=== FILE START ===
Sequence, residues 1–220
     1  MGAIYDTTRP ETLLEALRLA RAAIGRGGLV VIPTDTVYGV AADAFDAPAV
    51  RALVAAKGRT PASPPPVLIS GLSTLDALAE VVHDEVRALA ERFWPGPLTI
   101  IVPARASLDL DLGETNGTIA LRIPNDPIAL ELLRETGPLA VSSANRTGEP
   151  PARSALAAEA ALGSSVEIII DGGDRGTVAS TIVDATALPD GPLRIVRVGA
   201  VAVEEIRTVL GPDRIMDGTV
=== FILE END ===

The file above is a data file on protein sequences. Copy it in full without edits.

Sequence, residues 1–220
     1  MGAIYDTTRP ETLLEALRLA RAAIGRGGLV VIPTDTVYGV AADAFDAPAV
    51  RALVAAKGRT PASPPPVLIS GLSTLDALAE VVHDEVRALA ERFWPGPLTI
   101  IVPARASLDL DLGETNGTIA LRIPNDPIAL ELLRETGPLA VSSANRTGEP
   151  PARSALAAEA ALGSSVEIII DGGDRGTVAS TIVDATALPD GPLRIVRVGA
   201  VAVEEIRTVL GPDRIMDGTV